CORONAVIRUS

University of Iowa seeks employee help on 'mission critical units'

Volunteers asked to help units experiencing heavy workloads

The Pentacrest on the campus of the University of Iowa including the Old Capitol Building (center), Macbride Hall (top l
The Pentacrest on the campus of the University of Iowa including the Old Capitol Building (center), Macbride Hall (top left), Jessup Hall (bottom left), Schaeffer Hall (top right), and MacLean Hall (bottom right) in an aerial photograph. (The Gazette/file photo)

IOWA CITY — As Iowa’s public universities race to transfer courses online, scramble to recall students and faculty from endeavors abroad, and reassess the way they do business entirely, the University of Iowa has launched a workforce reassignment effort to ease the pressure on overtaxed “mission critical units.”

UI Human Resources has created a temporary workforce pool of UI staff and students who can be redirected to areas of critical need across the campus “that are experiencing more work than their available workforce can complete.” The pool of workers willing to be reassigned also aims to alleviate pains from expected absences due to sickness or the like.

Collegiate leadership and vice presidential units will collaborate with human resources to “identify staff and student employees who are performing non-critical work and could potentially be reassigned.”

“This plan would be activated only if campus experiences a large number of employees absent from the workforce or if mission-critical units experience more work than their available workforce can complete,” according to a Monday message to the UI campus.

The university defined critical units as those that can’t pause operations and are focused on necessary life, health, and security issues on campus. And it invited employees to volunteer by logging on to a UI Self Service link it projected would become live Monday.

Having activated its Critical Incident Management Plan, the university to date has taken a range of sweeping and unprecedented measures in its response to the novel coronavirus — which over the weekend was declared as “community spread” in Iowa.

In the most dramatic change, all three of Iowa’s public universities have instructed faculty and staff to move their courses online beginning March 23 through at least April 3 — a move many private colleges in Iowa also have implemented to varying degrees.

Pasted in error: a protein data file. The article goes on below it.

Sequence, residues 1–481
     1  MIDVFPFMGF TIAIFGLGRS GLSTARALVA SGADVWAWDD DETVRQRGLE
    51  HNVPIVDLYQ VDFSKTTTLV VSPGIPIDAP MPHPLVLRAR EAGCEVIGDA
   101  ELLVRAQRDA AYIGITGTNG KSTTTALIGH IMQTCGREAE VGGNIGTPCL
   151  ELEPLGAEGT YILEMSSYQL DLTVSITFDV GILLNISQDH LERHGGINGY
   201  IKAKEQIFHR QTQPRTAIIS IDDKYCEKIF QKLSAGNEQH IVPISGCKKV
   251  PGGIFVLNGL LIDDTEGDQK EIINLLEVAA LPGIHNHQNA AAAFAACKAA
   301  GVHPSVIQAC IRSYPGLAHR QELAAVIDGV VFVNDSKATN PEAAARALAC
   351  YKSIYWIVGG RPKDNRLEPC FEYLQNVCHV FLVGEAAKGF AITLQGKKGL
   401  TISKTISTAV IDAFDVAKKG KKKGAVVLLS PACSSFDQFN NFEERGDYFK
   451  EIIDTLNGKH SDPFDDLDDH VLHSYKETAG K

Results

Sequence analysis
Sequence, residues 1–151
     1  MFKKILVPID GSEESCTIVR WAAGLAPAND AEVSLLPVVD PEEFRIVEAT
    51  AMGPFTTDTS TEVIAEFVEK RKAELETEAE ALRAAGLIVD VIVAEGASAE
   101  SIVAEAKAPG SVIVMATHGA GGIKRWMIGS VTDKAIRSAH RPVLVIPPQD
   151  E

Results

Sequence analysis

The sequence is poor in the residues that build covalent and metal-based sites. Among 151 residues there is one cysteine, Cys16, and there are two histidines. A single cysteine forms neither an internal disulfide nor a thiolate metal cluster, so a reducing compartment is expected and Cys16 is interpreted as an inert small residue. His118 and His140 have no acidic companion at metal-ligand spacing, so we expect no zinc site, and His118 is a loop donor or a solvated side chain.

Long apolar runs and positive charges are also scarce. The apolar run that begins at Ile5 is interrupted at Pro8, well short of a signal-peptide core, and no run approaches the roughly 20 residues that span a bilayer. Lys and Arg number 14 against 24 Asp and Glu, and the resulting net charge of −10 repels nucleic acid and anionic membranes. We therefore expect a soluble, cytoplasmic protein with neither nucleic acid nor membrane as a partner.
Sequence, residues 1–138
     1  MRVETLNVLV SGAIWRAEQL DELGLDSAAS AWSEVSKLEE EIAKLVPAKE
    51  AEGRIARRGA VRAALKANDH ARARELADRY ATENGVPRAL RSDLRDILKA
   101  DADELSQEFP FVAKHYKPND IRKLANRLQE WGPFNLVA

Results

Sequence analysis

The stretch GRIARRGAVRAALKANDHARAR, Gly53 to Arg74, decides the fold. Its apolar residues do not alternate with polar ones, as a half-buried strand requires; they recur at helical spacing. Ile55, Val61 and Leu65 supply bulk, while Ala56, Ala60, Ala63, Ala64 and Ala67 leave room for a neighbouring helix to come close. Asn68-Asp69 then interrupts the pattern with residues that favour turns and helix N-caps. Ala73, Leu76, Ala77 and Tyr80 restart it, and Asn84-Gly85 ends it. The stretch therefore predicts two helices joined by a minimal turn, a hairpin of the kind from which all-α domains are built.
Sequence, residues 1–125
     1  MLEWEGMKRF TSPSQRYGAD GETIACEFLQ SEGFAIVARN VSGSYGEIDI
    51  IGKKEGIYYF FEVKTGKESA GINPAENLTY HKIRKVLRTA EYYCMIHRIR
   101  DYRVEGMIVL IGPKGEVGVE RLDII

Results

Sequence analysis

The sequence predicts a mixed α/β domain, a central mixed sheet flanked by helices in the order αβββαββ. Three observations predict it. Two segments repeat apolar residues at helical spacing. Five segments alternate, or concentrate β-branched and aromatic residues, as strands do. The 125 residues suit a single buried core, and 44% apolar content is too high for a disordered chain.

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They also canceled in-person meetings or urged they occur remotely and restricted non-essential university travel — with the Board of Regents over the weekend recalling all of its universities’ faculty, staff, and students who are out of the country.

The board previously mandated the return of those in the countries hardest hit by the coronavirus — including China, Japan, South Korea, and Italy.

In addition to those recalls, Gov. Kim Reynolds over the weekend canceled all non-essential business travel for state agencies — including the public universities. Excluded essential travel could include that which supports the health care enterprise or preserves the safety of a research subject.

The universities additionally have canceled events, athletics, and closed some facilities they didn’t initially intend to close — like recreation buildings, with the University of Iowa, for example, announcing its Campus Recreation and Wellness Center, Field House, Hawkeye Tennis & Recreation Complex, and Fitness East in Halsey Hall will be closed through April 3.

UI’s Hancher Auditorium is in the process of communicating with artists and agents who were supposed to perform in the coming weeks.

Comments: (319) 339-3158; vanessa.miller@thegazette.com

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